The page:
Consider Your Flat Lay Photography Costs

Product photography is necessary for eCommerce sites just as much as for traditional printed advertisements. Businesses have options to shoot their products with live models, mannequins, or objects. The last option will presumably incur the least cost.

Flat lay photography has become a trend amongst many websites and presents arranged objects from an overhead view.

Some photographers would insist on shooting from directly overhead in keeping with the penchant for the right angle. This hanging photography style is embraced by many hobbyists, Instagram and Pinterest users, and online stores. With almost everybody possessing a camera phone, flat lay photography will stay a trend for a long time.

Top-view photography and bird’s-eye view photography are names infrequently used for the flat lay photography style. A web search using these terms will yield some samples of flat lay photos.

However, these two terms must be avoided as they are better used in landscape photos. Using flat lay photography’s historical name instead of top view or bird’s-eye view would be more technically correct and yield more relevant results.


Shutterstock traces the roots of flat lay photography from Andrew Kromelow’s knolling. As a janitor that designed and fabricated furniture for Florence Knoll, he routinely arranged and organized displaced tools at right angles. The word Knolling was coined in 1987 and became famous when Tom Sachs turned it into an art form in 2009.


Earlier samples from the art of Knolling tended to focus on small industrial objects like tools and hardware. There is a zen-like quality to this photography style that makes it eye-catching. The focus on detail and presentation quickly grabs the viewer’s attention.

Use in eCommerce

Like in knolling, the flat lay photography style presents objects in a crisp, clean, and orderly manner. Flat lay photography lays down products and merchandise and enhances sales. Laid out flat on a simple background, various merchandise such as clothing, apparel, footwear, jewelry, cosmetics, electronic devices, and a lot more are common on eCommerce websites and online catalogs.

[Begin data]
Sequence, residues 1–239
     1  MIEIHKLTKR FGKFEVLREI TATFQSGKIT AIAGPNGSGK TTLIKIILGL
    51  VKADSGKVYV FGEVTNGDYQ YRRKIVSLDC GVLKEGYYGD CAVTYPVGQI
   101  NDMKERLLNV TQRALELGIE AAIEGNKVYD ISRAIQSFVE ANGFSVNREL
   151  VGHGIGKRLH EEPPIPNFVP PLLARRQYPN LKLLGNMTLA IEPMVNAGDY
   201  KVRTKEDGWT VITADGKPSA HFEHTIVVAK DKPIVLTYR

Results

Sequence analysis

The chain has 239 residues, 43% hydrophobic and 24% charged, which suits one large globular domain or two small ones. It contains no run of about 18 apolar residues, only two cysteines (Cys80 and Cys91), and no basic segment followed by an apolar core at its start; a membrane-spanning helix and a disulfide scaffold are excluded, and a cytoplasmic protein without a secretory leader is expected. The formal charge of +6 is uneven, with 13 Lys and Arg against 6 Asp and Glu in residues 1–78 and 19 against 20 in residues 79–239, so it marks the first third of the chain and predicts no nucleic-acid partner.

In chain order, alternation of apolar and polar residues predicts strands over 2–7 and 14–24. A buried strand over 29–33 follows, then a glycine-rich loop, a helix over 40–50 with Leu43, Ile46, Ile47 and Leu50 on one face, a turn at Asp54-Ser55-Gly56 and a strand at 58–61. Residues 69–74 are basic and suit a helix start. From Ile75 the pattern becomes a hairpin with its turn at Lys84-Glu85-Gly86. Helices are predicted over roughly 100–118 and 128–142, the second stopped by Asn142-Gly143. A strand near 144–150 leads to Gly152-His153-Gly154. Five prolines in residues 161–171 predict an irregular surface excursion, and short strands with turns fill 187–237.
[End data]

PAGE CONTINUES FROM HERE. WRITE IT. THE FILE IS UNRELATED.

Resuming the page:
Flat lay photographs of products may be shot as single objects or mixed with related items. For online businesses, it establishes and reflects the organization’s branding. Objects gain distinctness and unique personalities that replicate the business establishment’s culture.

Technical Concerns

Photography will require money and time for the equipment, setting up the shooting session, and retouching the photos.

Depending on the size of the business, photographs may be taken using camera phones or professional cameras with lenses and appropriate tripods. Tripods for flat lay photography are more challenging to find. The set-up may be a simple table-top by the window with a plain tablecloth for background, or a studio with extra lighting equipment and reflectors.


Extra work may be needed to position the product. Clothes may need paper padding to highlight certain parts like zippers, buttons, and linings. Set-up and composition will certainly need creativity and time.

A single object without shadow on a white background is the current standard for product photos. Some variations are acceptable and may highlight the mood of the photographs. Textured backgrounds may be more preferable, and Shadows may enhance the images. Some practitioners shoot from a bit of an angle. However, too much angle, and it is no longer a flat lay.

Many camera phones have built-in photo retouching apps. For more efficient and photo retouch features, additional software for cleaning-up the shots may be needed.

You have to make the photos tell a story for your product and brand. Clutter and overcrowding of objects will mess up your composition unless your story calls for a mess. You should watch out for mismatch and stick to a theme. Photography requires skills, talent, and creativity.

Given the time and money involved in producing product photos, businesses should consider whether to take the DIY, the in-house photographer, and the outsourced photographer. More products will require more photographs. The inventory may need to scale up seasonally.

Consider that photography is not the core function of your business, and you may even save by leveraging on the experience and expertise of others. Your time is valuable and means money. Calculate the number of photographs you need. Calculate the cost for each picture in the DIY, the In-house, and the Outsourced ways.